1. Struggling readers often find informational texts increasingly difficult to decode and comprehend. Many of these same students often lack sufficient background knowledge about fundamental concepts and vocabulary found within these texts. Conversely, many students enjoy reading fictional texts whose contents and story structures are engaging and predictable. Carefully selected stories may also contain similar vocabulary and even factual information, which when learned, can transcend to improvements when reading related informational texts. Therefore, carefully selected fictional texts are valuable tools for developing necessary schemata for informational reading.

2. Confidence and accountability are key components to promoting independence in student reading growth. This study identified how to cultivate student independence in their reading growth. The research is dependent on comprehension strategies, using assessment reading sheets, student journals and reading logs, student interviews, and independent book selection.

3. Motivation is a powerful tool that is often overlooked. This study focused on the effect of implementing activities that revolves around peer-interaction and student self-efficacy to promote reading achievement. In a short presentation, the interventions used in this study will be shared with educators in hopes of propelling the teaching of motivational strategies. Viewers will be asked to participate in a pre and post questionnaire and reflective journal opportunity before and following the session. They will also be involved in an ongoing discussion throughout the session just as the participants in the study experienced.

Evidence

Action research is based on a process that involves the following process (Mills, 2018)-

1. Write an area-of- focus statement.

2. Define the variables.

3. Develop research questions.

4. Describe the intervention or innovation.

5. Describe the membership of the action research group.

6. Describe negotiations that need to be undertaken.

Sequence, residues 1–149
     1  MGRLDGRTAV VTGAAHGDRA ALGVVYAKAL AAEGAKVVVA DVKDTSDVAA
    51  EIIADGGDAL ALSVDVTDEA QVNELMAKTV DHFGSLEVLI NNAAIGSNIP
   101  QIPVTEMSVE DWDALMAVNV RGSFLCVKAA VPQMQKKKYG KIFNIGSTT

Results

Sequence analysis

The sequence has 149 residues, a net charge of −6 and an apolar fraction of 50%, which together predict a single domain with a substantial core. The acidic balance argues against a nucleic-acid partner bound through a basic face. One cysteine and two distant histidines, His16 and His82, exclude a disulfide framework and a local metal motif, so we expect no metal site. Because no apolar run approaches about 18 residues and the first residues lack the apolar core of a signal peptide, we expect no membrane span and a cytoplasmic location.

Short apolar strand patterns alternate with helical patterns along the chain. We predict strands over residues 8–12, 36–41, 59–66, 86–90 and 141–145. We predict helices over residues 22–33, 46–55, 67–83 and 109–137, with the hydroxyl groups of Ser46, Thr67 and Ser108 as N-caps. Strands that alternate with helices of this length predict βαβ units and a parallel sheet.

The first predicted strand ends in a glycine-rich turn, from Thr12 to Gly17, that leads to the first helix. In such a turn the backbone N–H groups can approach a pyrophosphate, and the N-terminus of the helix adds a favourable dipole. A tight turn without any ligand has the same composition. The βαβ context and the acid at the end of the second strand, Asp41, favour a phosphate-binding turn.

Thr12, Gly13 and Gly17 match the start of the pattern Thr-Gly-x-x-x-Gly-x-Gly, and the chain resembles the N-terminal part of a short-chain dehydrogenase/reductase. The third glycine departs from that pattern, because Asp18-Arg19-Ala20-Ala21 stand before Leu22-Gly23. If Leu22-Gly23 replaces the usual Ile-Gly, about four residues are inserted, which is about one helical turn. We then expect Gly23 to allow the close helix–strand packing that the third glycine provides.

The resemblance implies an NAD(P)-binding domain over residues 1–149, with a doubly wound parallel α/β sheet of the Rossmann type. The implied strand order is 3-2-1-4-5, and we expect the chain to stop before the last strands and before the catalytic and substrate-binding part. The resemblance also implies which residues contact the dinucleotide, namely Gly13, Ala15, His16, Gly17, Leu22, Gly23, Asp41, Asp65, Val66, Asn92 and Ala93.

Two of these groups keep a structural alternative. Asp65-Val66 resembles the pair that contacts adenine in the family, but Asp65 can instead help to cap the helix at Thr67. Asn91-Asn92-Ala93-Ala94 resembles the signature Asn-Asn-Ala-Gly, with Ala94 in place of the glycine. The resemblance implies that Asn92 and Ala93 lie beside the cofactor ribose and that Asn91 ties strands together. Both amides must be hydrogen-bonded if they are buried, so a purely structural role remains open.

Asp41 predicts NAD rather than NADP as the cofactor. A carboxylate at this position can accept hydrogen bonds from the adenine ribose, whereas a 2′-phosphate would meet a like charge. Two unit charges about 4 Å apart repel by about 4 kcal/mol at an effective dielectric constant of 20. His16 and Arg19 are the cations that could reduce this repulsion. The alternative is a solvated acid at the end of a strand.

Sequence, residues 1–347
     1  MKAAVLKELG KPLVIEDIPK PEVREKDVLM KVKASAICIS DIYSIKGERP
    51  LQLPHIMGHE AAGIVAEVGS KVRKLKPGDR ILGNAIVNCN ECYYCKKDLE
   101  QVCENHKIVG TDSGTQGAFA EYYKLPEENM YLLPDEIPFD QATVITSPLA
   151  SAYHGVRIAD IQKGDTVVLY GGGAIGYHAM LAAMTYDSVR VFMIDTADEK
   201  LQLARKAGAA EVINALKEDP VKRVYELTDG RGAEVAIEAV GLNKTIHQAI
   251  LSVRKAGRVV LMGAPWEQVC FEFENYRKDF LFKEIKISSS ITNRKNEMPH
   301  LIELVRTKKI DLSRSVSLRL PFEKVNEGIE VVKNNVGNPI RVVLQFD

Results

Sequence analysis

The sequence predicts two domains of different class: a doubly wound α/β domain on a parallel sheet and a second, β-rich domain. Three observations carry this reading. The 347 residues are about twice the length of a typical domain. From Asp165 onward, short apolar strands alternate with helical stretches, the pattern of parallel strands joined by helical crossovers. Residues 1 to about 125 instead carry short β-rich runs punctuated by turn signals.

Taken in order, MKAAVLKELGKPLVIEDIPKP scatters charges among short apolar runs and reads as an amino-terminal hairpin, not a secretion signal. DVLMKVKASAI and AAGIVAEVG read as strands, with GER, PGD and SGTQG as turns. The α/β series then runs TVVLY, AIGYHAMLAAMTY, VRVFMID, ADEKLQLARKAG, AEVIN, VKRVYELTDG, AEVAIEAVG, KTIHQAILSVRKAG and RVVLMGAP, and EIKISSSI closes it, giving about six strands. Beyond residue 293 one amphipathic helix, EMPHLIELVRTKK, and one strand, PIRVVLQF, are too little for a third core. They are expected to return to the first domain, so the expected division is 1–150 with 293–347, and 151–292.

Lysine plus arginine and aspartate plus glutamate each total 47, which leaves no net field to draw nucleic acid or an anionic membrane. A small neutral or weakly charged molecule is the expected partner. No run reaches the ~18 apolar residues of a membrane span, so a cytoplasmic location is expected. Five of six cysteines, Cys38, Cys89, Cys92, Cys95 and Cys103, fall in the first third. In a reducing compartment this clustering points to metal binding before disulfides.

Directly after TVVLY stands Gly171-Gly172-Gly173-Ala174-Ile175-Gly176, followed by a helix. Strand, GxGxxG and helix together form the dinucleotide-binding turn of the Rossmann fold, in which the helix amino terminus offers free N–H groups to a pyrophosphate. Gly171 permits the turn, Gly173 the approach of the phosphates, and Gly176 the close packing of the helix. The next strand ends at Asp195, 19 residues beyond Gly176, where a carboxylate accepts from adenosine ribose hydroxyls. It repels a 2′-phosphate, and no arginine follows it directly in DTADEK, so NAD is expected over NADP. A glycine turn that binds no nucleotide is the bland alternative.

7. Develop a timeline.

8. Develop a statement of resources.

9. Develop data collection ideas.

The proposal is informed by research that showcases the following: (1) The results of the students’ informational running records demonstrated increased word accuracy and comprehension after reading a series of fictional texts. In regards to fluency, intonation and phrasing showed significant improvements as well; however, as these factors improved, it is notable that oral reading fluency rates slightly declined. (2) Building confidence in emergent readers is important to cultivating student motivations to independently read. Conducting interviews and using student journals provide opportunity for positive constructive feedback. The use of reading logs as a daily accountability measure ensures students are held accountable for their reading growth. (3) Student-led discussion of literature shows evidence of a deeper understanding of the text through justifying question and citing evident. Students read more independently to be prepared for this type of peer-interaction. Through the written cues recorded in their journals, students were motivated to analyze the text at a deeper level.

Selected References-

Marsh, E., Butler, A., & Umanath, S. (2012). Using Fictional Sources in the Classroom: Applications from Cognitive Psychology. Educational Psychology Review, 24(3), 449-469. doi:10.1007/s10648-012-9204-0

Nguyen, N. N., Leytham, P., Schaefer Whitby, P., & Gelfer, J. I. (2015). Reading Comprehension and Autism in the Primary General Education Classroom. Reading Teacher, 69(1), 71-76.

Soalt, J. (2005). Bringing Together Fictional and Informational Texts to Improve Comprehension. Reading Teacher, 58(7), 680-683.